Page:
Holly Ballard MS/CCCslp
Crystal Hutchins MS/CCCslp
Sherrie Susser MA/CCCslp
Randi Weinberg MA/CCCslp

Friday, May 23, 2014

Activities to help facilitate word retrieval skills

Parents: There are many fun activities/games that can be played to facilitate word
retrieval skills. Below are a few suggestions:

* Play word classification games - have your child think of items that would fit in a
category. If you want, time your child and see how many items she can come up with in a certain category, then see if she makes progress over time.

* Play "I am thinking of …” - describe an item or define a word and have your child guess the item/word. You will be providing good models for describing objects and promoting vocabulary growth.

* Fill in the blank associations - have your child complete common phrases and sentences. This will help him use the context to trigger a target word. (e.g., peanut butter and ___, a pair of ___)

* Play “What’s missing?” - choose a task and list the items needed to complete the task while leaving out one key item. For example, if making a peanut butter and jelly sandwich, you would need bread, a knife, jelly, and ____ .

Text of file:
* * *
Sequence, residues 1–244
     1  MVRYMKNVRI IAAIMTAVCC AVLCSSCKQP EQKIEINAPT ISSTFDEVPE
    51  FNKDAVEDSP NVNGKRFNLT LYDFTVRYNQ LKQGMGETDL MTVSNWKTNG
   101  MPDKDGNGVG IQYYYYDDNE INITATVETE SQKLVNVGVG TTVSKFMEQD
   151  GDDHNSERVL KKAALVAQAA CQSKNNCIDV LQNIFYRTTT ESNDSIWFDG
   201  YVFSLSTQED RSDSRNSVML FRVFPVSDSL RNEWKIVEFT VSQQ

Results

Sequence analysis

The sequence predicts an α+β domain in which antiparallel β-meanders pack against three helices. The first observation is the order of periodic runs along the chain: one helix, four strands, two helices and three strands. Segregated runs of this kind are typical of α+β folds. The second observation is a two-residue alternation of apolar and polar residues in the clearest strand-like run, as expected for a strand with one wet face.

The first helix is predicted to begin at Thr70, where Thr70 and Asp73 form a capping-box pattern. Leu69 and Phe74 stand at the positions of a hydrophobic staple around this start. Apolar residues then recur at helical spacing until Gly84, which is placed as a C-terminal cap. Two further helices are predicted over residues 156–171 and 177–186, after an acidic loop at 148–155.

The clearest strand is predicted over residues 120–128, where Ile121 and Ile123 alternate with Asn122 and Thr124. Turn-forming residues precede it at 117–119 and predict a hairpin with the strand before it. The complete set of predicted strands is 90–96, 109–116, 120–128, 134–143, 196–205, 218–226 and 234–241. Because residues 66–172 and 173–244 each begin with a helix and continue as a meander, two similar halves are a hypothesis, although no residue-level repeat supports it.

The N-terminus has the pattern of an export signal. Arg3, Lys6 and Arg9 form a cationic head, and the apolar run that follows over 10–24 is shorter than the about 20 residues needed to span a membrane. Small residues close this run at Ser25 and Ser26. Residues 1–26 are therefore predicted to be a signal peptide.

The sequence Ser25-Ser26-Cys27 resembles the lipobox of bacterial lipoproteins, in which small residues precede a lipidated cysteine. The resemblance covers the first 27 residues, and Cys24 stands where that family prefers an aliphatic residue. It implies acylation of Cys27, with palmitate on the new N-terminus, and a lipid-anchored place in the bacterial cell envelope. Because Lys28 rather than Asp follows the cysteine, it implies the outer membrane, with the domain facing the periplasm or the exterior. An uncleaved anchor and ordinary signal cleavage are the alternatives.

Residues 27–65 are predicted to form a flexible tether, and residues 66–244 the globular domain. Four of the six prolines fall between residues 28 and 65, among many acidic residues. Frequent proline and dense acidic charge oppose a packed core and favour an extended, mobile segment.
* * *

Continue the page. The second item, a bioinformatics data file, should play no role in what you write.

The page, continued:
* List items needed for a specific task - have your child name a task and then ask her to tell you all of the things she would need to complete that task. For example, if the task is sledding, your child could say, “coat, snow pants, hat, mittens, boots, sled, etc.” Encourage your child to visualize herself completing the activity.

* Completing similes. A simile is when you say that something is ___ as a ___. Provide a descriptive word for your child and have her finish the simile. For example, you could say “as fuzzy as a___ .” See if your child can come up with multiple options.

* Synonyms/Antonyms - tell your child a word and have him come up with one synonym (a word that means the same thing) or one antonym (a word that means the opposite) or both.

These are simple “word games” you can play during daily activities such as taking or walk or riding in the car. If these games seem too difficult for your child, use visuals such as objects or pictures to help. Providing auditory cues such as “it starts with ‘t’” or “it goes with a bucket” can be really helpful as well.

The point of these kinds of activities is to practice word retrieval skills and strategies. If your child is becoming frustrated with the activity then take a break or try something easier. Most of all,have fun!

Crystal Hutchins, MS/CCCslp

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